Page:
Bipolar disorder is a mood disorder, also referred to as a manic-depressive illness. Simply put, it entails unprecedented and severe changes in an individual’s mood, energy levels, activity and routine functioning.
Unlike mood swings which are common, manageable and widely experienced by almost all human beings, the symptoms of bipolar disorder are more intense. The difference between mood swings and bipolarity is based on the enhanced severity of the following conditions in the latter:
- Length of mood patterns.
- Intensity of the emotional condition being experienced.
- Obstruction of ordinary lifestyle and activities by a particular emotional state.
The varying emotional states that occur with Bipolar Disorder are called “mood episodes”. Each mood episode represents a departure from the affected individual’s typical disposition and behaviour. A state wherein the person is overexcited and/or joyful is called a manic episode, while a state of despondence and/or lethargy is known as a depressive episode. Where there are symptoms of both mania and depression, the bout of bipolarity is characterized as a mixed episode.
Types of Bipolar Disorder
There are several kinds of bipolar conditions which have been variously observed across patients of the illness. These include:
- Bipolar I: This is the most severe and dangerous manifestation of the condition whereby either manic or mixed episodes as well as depressive episodes occur at random, almost every day for no less than a week.
- Bipolar II: This condition is four times more common than Bipolar I. It is diagnosed after at least one major depressive episode and some approximation of maniac behaviour is observed, with possible incidence of level mood conditions in between. Bipolar II is far trickier to diagnose, for the symptoms are not as evident as in the latter.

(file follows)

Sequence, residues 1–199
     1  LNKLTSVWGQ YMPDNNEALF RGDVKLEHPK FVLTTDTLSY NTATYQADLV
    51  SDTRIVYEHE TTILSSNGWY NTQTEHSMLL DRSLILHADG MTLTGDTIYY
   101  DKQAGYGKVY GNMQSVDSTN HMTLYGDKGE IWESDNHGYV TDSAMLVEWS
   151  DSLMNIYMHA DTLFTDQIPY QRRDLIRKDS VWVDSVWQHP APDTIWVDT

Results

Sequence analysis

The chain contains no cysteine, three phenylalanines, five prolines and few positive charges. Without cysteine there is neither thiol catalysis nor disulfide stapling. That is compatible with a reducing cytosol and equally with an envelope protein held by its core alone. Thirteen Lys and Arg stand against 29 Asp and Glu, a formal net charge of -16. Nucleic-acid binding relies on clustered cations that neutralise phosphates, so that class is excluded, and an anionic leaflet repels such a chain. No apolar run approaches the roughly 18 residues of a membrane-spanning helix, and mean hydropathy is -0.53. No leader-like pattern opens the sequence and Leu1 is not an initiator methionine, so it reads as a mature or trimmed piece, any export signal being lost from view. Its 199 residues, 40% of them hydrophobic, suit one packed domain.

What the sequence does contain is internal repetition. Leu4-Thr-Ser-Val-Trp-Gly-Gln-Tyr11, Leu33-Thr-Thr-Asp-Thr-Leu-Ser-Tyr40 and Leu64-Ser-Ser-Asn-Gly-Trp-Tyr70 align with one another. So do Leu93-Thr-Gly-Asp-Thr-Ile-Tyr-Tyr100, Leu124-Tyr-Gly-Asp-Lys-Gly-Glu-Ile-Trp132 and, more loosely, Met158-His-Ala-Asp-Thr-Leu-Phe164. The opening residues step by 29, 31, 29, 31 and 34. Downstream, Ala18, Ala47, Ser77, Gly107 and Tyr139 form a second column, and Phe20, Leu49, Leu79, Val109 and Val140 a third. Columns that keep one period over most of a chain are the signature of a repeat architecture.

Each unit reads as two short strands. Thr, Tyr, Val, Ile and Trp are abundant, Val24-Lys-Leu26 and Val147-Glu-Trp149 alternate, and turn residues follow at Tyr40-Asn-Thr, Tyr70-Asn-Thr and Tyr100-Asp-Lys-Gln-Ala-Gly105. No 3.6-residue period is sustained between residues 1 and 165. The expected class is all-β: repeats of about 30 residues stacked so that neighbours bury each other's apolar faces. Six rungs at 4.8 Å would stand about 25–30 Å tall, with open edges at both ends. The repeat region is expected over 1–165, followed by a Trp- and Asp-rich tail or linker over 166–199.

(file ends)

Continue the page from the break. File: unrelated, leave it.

- Cyclothymia: A more mild form of bipolarity, Cyclothymia is characterized by several manic episodes and fewer depressive episodes over the course of two years. Of course, the incidence and severity of episodes may change over time.
- Rapid Cycling: The occurrence of four or more episodes of mania or depression in a 12-month period is known as the Rapid Cycling variety of bipolarity. This condition may be temporary for some people.
- Not Otherwise Specified (NOS): A form of bipolarity whereby no discernible pattern of mood episodes is evidences is called Not Otherwise Specified. For instance, several manic episodes with no depressive alternations or mixed episodes with very rapid shifts, would qualify to be this condition.
Myths and Truths about Bipolar Disorder
It is important to be wary of the misinformation and dubious discourses that exist about bipolar disorder. Various myths and facts regarding the same are mentioned below:
Myth – Bipolarity is a medical disease.
Fact – Even as several neurobiological and genetic factors are associated with the occurrence of bipolar disorder, contemporary academia maintains that its roots are psychological, social and biological.
Myth – The condition only affects one’s mood.
Fact – Bipolar disorder does not impact a person’s emotional state alone, but affects energy levels, concentration, sleep patterns, appetite and sexual drive as well.
Myth – Bipolar people shift between episodes of mania and depression alternatively.
Fact – As is evident from the above, bipolarity has several manifestations with differing patterns of mania and depression. Thus, a person who doesn’t experience extreme and alternating swings between mania and depression, is not necessarily a non-patient. In fact, most bipolar individuals experience more episodes of depression and milder mania.
Myth – Individuals suffering from bipolar disorder cannot lead a normal life.
Fact – With the right treatment, keenly developed coping mechanisms and a strong support system, patients of this illness can lead a normal life, having successful careers and healthy social relationships.
The bottom line is that bipolar disorder is a mental illness which is capable of hampering routine life by causing behavioural and emotional exigencies in affected individuals. Challenging as it is to be living with bipolar tendencies – treatment, therapy and self-help can allow for a normal lifestyle to be resumed.